The settlement of the Aland Islands by the Vikings from the territory of modern Sweden began at around the year 500. By 800, the first Viking camps appeared in continental Finland. By the 12th century, royal power was consolidated in Sweden, which contributed to the strengthening of its influence on Finland. At the same time, due to the rivalry between the papacy and the Holy Roman Empire, at the behest of the pope, new archbishoprics were founded – in Lund (1104) and Uppsala (1164). This was done in order to use a political vacuum to take a stronger position against the policies of Novgorod. And also in order to eliminate the Archbishop of Bremen, distinguished by excessive loyalty to the emperor. All this contributed to missionary activity in a more organized form than before. In the medieval sources three Crusades to Finland are mentioned, which historians date 1157, 1249-1250 and 1293-1300.
The first Swedish crusade was led, in accordance with church tradition, by a British monk, Heinrich. Under the protection of King Eric IX, he embarked on a missionary expedition to southwestern Finland, which became known to descendants due to the subsequent canonization of Henry and declaring him patron Abo (Turku), since, according to legend, the monk did good and miracles in his lifetime.
His killing by local residents was the exception rather than the rule, since in general the Christianization took place in a calm atmosphere.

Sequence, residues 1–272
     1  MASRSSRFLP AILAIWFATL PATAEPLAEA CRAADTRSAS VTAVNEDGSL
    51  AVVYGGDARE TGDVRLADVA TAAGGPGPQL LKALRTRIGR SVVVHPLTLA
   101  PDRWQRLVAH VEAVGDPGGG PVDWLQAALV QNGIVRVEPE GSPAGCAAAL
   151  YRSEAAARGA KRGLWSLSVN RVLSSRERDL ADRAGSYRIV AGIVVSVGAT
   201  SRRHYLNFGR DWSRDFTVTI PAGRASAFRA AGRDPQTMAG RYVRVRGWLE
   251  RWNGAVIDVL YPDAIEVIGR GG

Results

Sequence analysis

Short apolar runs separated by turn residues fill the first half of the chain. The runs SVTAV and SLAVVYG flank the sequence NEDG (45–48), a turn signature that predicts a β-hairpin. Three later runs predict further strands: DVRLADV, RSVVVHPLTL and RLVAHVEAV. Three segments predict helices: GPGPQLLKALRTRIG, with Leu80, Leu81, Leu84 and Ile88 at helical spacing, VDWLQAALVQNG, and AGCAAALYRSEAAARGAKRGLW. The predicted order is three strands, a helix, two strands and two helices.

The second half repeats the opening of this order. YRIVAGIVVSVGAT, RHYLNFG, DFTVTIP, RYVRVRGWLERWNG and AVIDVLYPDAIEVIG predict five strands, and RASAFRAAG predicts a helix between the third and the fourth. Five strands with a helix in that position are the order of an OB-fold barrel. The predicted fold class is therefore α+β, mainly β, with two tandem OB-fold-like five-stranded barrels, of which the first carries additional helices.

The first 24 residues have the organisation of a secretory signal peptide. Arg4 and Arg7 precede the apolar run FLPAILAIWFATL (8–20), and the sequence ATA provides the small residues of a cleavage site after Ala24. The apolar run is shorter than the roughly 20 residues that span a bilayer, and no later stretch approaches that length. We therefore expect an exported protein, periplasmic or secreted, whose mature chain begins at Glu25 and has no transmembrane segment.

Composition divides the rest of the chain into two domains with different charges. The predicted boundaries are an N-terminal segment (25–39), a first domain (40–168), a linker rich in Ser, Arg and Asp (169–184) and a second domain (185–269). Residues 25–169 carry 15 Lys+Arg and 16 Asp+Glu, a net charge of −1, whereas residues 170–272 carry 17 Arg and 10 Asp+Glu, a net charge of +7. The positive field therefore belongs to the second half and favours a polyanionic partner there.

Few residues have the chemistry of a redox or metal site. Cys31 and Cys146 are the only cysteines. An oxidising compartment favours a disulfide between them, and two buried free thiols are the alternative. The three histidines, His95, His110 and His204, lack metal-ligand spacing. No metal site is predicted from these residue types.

Around 1220, the Swedes founded the episcopal department in Finland. The first bishop was the British priest Thomas. During his time, the Swedes, probably in alliance with the Sword, armed the army under the leadership of Jarl Birger (according to other sources, Ulf Fassi) to weaken the influence of Novgorod, but failed in the battle with the army of Prince Alexander Nevsky on the tributary of the Neva River Izhora in 1240. Subsequently, a memorial stone was installed at the scene of the battle, and the prince who took a personal part in it received an addition to the name “Nevsky”.
Jarl Birger conquered the Tavastland in 1249 and founded the Tavastehus castle.
The decisive battles for the capture of the eastern coast of the Gulf of Finland and the internal parts of the country took place at the end of the XIII and the beginning of the XIV century. Marshal Torkel Knutsson, during the third crusade in 1293, marched on the Novgorodians, conquered south-western Karelia and founded the Vyborg castle there, and in 1300 the Swedes erected the fortress of Landskrona on the banks of the Neva River, which a year later was taken by the Novgorodians led by the son of Alexander Nevsky, Prince Andrei Gorodetsky, after which the fortress was destroyed.
Military operations between the Swedes and Novgorod continued almost continuously until 1323, when the Swedish king Magnus Eriksson, with the assistance of Hansa, concluded the Novgorod Orekhovsky treaty (on Orekhovy island at the mouth of the Neva River) with the Novgorod prince Yuri Daniilovich . This contract established the eastern boundary of the Swedish possessions.
It was not only a political border, but also a border that further divided two religions and two cultures. Finland and its inhabitants were mainly associated with the Swedish state and the Catholic Church. The settlements of Rauma, Porvoo, Pori and Naantali were the first to receive city rights along with Turku and Vyborg.
Essays on the history of Finland from ancient times to the beginning of the 20th century
Brief history of Finland
The history of the Finnish people
Historiallinen Arkisto (“Historical Archive”) // Periodicals of the Finnish Historical Society.